This column is dedicated, with the deepest affection, to the memory of my friend, Mary Ostlund.
I went to work for Gov. Ed Herschler at around the same time that the Herschler Building was opened. There was a subterranean passageway constructed between the capital and the cafeteria in the new building, nicknamed by epicures the “Herschler Vomitorium”.
It was a long, poorly-lit tunnel that I always thought would be a good place to be mugged by an unhinged lobbyist. We tended to use it only with backup to watch our six.
Around that time, in my home County of Carbon, Billy McIntosh had a massive longhorn steer that kept tearing down his neighbor’s fences. Details are sketchy, but the rumor on the sagebrush telegraph has the exasperated neighbor finally shooting the vagrant longhorn graveyard dead.
Billy Mac had the longhorn stuffed, and the full-body mount sent to Gov. Ed as a gift. Herschler was a very resourceful man, but had no idea what to do with this monstrosity of taxidermy. So he stashed it down in the passageway to the Vomitorium, in the sure and certain knowledge that nobody would see it there.
It quickly assumed the moniker of “The State Cow”, and was still gathering dust there when I left state government ten years later.
Flash forward to today, when decision-makers have stashed two of the most powerful symbols of Wyoming’s heritage, Esther Hobart Morris and Chief Washakie, down in the same tunnel that used to be home to The State Cow.
Esther Hobart Morris was, as you know, a tireless champion of women’s equality and the first female justice of the peace in the nation. There could be no more powerful symbol of Wyoming than this woman. End of discussion.
Washakie won the gnarliest single-combat, mano-a-mono fight in Wyoming history, when he battled Big Robber for hours near Crowheart Butte, and then rode back to camp with his opponents heart impaled on his lance. While that was cowboy as hell, it's only one reason why Washakie symbolizes the state we love.
Magnificent statues of these two Cowboy State luminaries were moved during the recent zillion-dollar remodel of our capitol building. These works of art, and all that they convey about Wyoming, were never restored to their places of prominence, but were – for weak and timid reasons – relegated to the space previously occupied by The State Cow.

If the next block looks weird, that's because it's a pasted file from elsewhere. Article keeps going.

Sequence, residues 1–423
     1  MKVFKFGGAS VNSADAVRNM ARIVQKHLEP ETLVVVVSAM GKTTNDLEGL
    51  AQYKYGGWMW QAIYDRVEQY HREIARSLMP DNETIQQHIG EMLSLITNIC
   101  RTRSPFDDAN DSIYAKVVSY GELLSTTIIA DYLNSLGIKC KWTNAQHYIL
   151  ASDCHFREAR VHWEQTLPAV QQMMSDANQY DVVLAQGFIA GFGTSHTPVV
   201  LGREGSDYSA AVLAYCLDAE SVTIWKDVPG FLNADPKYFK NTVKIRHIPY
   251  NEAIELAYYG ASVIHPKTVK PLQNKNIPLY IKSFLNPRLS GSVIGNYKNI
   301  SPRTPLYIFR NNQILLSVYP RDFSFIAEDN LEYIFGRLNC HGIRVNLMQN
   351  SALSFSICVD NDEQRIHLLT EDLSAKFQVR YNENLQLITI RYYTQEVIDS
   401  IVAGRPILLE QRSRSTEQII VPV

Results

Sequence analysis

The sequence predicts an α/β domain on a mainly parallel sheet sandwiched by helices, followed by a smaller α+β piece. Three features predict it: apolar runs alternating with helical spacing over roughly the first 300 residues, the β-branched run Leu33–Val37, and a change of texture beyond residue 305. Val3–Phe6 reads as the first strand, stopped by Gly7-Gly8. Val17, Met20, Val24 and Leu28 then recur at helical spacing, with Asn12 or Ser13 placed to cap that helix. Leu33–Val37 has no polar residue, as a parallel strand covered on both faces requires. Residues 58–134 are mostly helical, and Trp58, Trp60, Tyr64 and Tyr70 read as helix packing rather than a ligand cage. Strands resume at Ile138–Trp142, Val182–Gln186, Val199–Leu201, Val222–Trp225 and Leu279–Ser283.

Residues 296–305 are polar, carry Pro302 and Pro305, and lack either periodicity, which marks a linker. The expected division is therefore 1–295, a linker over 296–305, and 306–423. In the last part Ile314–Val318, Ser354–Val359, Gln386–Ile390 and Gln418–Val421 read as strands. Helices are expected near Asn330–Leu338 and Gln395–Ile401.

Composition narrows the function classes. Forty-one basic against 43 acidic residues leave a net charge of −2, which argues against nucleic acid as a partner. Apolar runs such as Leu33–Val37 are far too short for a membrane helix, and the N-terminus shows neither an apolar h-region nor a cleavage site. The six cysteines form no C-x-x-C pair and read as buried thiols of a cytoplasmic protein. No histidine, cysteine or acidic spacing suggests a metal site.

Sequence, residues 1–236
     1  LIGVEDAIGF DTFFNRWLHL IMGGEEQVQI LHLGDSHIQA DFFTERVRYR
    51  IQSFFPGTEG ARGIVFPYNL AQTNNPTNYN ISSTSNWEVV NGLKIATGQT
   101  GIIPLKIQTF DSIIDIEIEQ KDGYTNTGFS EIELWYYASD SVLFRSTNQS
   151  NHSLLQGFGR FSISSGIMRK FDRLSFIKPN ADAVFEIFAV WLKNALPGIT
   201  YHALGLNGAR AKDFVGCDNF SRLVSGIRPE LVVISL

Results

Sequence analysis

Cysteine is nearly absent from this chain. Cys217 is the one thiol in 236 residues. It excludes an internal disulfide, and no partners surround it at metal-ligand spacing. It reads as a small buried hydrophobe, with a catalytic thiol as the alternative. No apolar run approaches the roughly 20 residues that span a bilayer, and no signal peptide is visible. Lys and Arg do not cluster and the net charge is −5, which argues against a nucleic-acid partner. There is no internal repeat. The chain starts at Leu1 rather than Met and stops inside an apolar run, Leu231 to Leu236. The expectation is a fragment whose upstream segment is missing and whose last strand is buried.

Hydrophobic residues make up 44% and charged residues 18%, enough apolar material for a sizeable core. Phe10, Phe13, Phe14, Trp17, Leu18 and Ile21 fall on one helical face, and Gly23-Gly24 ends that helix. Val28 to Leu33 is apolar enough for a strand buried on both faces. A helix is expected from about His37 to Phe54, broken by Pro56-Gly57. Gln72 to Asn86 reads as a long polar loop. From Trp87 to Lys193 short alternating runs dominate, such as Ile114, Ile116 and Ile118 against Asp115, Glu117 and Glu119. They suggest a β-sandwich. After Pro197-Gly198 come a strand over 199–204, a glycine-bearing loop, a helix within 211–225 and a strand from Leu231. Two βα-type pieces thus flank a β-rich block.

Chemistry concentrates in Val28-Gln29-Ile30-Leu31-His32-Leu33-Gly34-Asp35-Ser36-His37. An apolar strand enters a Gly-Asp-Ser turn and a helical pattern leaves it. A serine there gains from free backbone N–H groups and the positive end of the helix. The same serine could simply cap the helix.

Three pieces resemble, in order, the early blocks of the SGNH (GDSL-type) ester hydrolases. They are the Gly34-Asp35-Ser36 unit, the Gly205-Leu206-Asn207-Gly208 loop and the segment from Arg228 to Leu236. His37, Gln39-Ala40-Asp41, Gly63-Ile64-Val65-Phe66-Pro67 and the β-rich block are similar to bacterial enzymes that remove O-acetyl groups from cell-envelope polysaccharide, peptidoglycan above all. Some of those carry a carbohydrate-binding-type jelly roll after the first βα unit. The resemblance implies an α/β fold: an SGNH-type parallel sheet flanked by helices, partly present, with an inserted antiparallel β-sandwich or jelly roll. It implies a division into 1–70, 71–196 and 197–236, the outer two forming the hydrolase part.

It's almost as if we’re telling ourselves and visitors to Wyoming that we are ashamed of these two people who helped mold our state.
As a lifelong citizen of Wyoming, I would rather see the statues of Morris and Washakie dominating the entrance to our house of the people, instead of hidden where only a handful of tourists will see them.
I would like their historic visages to inspire awe in anyone who sets foot in our capital, and to communicate in their sculpted gazes that “This is Wyoming. Act Accordingly.” These two human beings can tell more about who we are as a state than a whole herd of bronze buffalo or antelope.
Concealing this aspect of our rich heritage and hiding these symbols of who we are as a state in some underground passageway is a slap in the face of our common history. It makes us appear ashamed of two of our giants.
Will it cost some dough to restore Esther Hobart Morris and Washakie to their hard-earned prominence on our capitol grounds? Hell, yes it will! But contrast that expense with what they have sacrificed and contributed to build Wyoming, and the debt we own them, and the decision is an easy one. And it's the right thing to do.
Put ‘em back, dammit. Put ‘em back!